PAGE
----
Substantive and disciplinary knowledge have become the words around which curriculum is being organised in some schools. Pro forma’s are filled in enthusiastically, or not so, to justify curriculum choices to line-managers. And whilst these terms seem to work well in some subjects I’m not so sure the distinction works so well in the arts. … More Curriculum, Assessment and the Arts
The problem with the word ‘creativity’ is that it conjures up such a wide range of possible interpretations that it ends up serving no-one except those who wish to peddle it as a pedagogical aim and charge thousands of pounds for their talks in Dubai or Davos, or a school hall near you on an … More Schools Should Ditch Creativity
“In the popular imagination,” writes Tim Blanning in his wonderful book ‘The Romantic Revolution’, “Beethoven was the romantic hero par excellence: the lonely, afflicted, uncompromising, utterly original genius, ‘a man who treated God as an equal’…” This vision of creative minds echoes down the centuries. The tortured artists in their garret, often poor, wearing black, … More Creativity and Collaboration
When I was growing up a significant number of people on the left were intent on destroying capitalism. They loathed its focus on the individual and extolled the virtue of the collective. They were suspicious of new technology, worried that it would take away jobs. They were protective of their own and were intent on … More Lenin and Rand: Why the Need to Disrupt Our Schools?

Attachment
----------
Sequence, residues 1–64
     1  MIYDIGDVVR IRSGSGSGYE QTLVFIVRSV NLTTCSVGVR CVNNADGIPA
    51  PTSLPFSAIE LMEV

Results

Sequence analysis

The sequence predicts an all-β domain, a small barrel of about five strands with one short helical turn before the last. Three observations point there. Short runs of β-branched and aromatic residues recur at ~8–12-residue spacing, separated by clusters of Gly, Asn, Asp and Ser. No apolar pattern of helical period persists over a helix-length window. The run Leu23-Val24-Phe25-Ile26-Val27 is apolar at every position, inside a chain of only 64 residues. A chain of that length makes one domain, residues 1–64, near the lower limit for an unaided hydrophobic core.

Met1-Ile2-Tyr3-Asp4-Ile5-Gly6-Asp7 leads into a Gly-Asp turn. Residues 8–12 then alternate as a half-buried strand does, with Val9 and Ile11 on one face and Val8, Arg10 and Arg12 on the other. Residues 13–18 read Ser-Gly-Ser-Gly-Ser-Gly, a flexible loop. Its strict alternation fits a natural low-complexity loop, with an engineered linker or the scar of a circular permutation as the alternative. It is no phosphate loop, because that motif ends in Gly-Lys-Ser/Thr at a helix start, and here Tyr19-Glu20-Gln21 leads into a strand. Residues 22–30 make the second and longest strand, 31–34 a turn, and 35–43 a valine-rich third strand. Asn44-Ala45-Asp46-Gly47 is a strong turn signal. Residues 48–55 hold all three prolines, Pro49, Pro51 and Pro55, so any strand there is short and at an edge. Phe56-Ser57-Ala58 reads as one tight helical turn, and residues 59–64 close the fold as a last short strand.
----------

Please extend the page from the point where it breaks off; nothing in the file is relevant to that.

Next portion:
In her thoughtful essay ‘The Crisis in Education’, Hannah Arendt addresses the difficulty of teaching in the modern world. If you go into teaching with the sole purpose of making a real difference, changing the world one child at a time, you might end up doing nothing of the sort. A revolutionary or radical attitude … More The Need for a Progressive Attitude
If you click on the Education Endowment Foundation (EEF) ‘Teaching and Learning Toolkit’ webpage the first thing you come across is: click on this and you are informed that: What is the point of this? Why should the arts even be expected to work for the glory of other, maybe, more important subjects? For example, I … More Arts Education has a “Low Impact”
To be cultured means to nail one’s colours to the mast, and those who fear what’s arbitrary in that (and run to theory for protection) fear culture itself. Howard Jacobson The importance of tradition, the great tradition, is not that it is the only possibility but it is the best one that we have. For … More Get Kids Cultured
Think how useless a teacher’s greatest labours are now, when he tries to lead one single student back to the infinitely distant and elusive Hellenic world, the true homeland of our culture, and an hour later that same student reaches for a newspaper or popular novel or one of those scholarly books whose style bears … More Pokémon Go! Must We be Servants of the Present Moment?
This morning I attended a talk given by Sir Ken Robinson in which he argued that the discipline of dance was as important as that of maths. Now, let me nail my colours to the mast, I also believe that every school should teach the arts as well as maths, humanities, languages, sciences, design etc. … More Is Dance as Important as Maths?
Yes, you can. I could finish this blog there. But, excuse me going on a bit, I want to look at how you might teach it by exploring the relationship between knowledge and doing. I suppose, for some, this is a chicken and egg issue, what comes first creativity or domain knowledge? Others argue you … More Can You Teach Creativity?